Many of us during this week that will feature two of the most important religious holidays of the year -- Easter and Passover -- will spend time with our people, family and friends whose genetic and social connections to us help us to know who we are, where we belong, that we matter.
In the nearly eight years since I moved from my longtime home in Washington, D.C., back to eastern Connecticut, where I grew up, I've thought a lot about what it means to be connected to people and places -- and to history.
There's a lot of history around me here in the largely rural "Quiet Corner" of the state. Across the stone wall from my community garden plot -- in the backyard of the home of Samuel Huntington, one of the 56 signers of the Declaration of Independence -- are gravestones marking the final resting places of men who fought in the Revolutionary War. As I see it, this is sacred ground. Working my bit of ground here, growing vegetables from its soil, nourishes my body -- and my sense of being connected to history itself.
As with the 300-year-old colonial homesteads and farms throughout the region -- many of them still operated by the same families that operated them during those colonial times -- this connection fills me with a sense of belonging to generations of courageous, resilient people, New Englanders, Yankees.
Then there's my own family's history. I recently attended the funeral of my 93-year-old great aunt Jessie, one of the last two of my paternal grandfather's remaining five sisters. He was the oldest of seven. His wife, my father's mother, gave me his gold ID bracelet for my 15th birthday -- more than four decades ago. I wear it all the time, proudly showing anyone interested the Army serial number on the underside of John Andriote's bracelet. Yes, we even have the same name. Well, my middle name was his father's, my great-grandfather's -- and my father's -- first name.
During the many years I lived in D.C., and other cities where I was the only Andriote I ever met, I never ran into someone in the grocery store who said, "You look just like your grandfather." I hadn't yet had a conversation with a 90-something-year-old man who, as a 1-year-old, sailed from Greece aboard the same ship as my great-grandparents, the original immigrants who brought my father's family to America. No one had ever said, "Your great-grandparents would be proud of you, the writer."
I hadn't yet stood at their graves and thanked them for having the courage to leave their familiar villages to create a new life in a strange new land -- for bequeathing to me their courage and resilience that has enabled me to embrace my "difference" as a gay man and to live well with HIV for nearly 10 years in the face of the continuing ignorance and stigma that I experience mainly from other gay men.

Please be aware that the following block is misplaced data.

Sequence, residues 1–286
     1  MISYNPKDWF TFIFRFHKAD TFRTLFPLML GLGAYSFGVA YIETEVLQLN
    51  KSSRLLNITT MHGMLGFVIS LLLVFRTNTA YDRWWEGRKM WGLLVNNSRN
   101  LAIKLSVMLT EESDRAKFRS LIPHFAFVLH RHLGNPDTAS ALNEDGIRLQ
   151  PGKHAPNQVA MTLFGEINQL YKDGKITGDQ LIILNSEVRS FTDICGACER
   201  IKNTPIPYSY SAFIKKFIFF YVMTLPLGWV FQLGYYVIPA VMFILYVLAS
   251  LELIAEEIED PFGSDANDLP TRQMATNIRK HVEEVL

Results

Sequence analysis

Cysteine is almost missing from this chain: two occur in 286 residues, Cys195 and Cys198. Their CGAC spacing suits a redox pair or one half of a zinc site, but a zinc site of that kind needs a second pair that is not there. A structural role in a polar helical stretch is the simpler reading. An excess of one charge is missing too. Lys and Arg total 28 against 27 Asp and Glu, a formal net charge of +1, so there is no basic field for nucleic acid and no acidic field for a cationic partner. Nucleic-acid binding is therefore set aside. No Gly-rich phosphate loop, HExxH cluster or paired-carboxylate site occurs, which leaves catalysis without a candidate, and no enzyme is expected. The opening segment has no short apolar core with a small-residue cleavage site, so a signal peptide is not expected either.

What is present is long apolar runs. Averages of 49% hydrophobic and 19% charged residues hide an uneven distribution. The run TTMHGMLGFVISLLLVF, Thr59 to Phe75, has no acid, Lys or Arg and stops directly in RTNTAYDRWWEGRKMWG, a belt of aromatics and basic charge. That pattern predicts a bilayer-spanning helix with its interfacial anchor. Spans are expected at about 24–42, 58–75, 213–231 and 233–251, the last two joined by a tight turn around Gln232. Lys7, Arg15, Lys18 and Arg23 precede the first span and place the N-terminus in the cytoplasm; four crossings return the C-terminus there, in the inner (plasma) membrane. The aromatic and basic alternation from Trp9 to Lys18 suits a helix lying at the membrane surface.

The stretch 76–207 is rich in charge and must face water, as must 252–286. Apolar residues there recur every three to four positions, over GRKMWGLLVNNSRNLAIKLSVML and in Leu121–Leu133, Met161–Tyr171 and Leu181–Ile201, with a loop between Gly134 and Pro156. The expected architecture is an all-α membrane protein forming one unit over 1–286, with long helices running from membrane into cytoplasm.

On April 22, I am going to give a talk about "Celebrating Gay America's Heroic Legacy in the AIDS Plague" at Eastern Connecticut State University, where I taught two communication classes last fall. It's part of a series at the university dedicated to celebrating cultural diversity. My message will be a version of what I'm writing here: That we can find courage, hope, resilience and strength by claiming for ourselves the legacy of those who have gone before us.
I plan to point out that the day after my talk, April 23, will mark the twenty-first anniversary of the death from AIDS of one of Gay America's great heroes, William. A. 'Bill' Bailey. Bill was the man who first encouraged me, way back in 1985, to apply my skills as a journalist to report on the impact of AIDS on gay Americans. We were lovers when Bill tested HIV-positive in 1986, during those dark years when the diagnosis was a sure death sentence because there was no effective treatment.
I watched in awe as Bill rose above his own fear to transform himself into a respected advocate in Washington, lobbying Congress for funding to support HIV prevention. When he died in 1994, Bill was called "The father of the HIV prevention lobby in Washington." As his own life came to a close at 34 years old, Bill fought valiantly so others -- particularly other gay men -- would not experience what he did.
LGBT America has an exceptional legacy bequeathed to us by extraordinarily brave and brilliant people like Bill Bailey. These men and women challenged the status quo, declared it unacceptable to make us scapegoats and second-class citizens in our own country. They put their talent, time and treasure where their mouths are, working hard to translate their activism into public policy and social change.
Refusing to be reduced to their sexuality, HIV status and others' stereotypes, claiming the full measure of their humanity, our heroes have opened for us the space we need to live heroically, too.
Our people have left us a powerful, inspiring legacy. But it's up to each of us to claim it for ourselves, to own it and live it. What better time to do that than as we mark the passing over of death and the resurrection -- and triumph -- of life itself?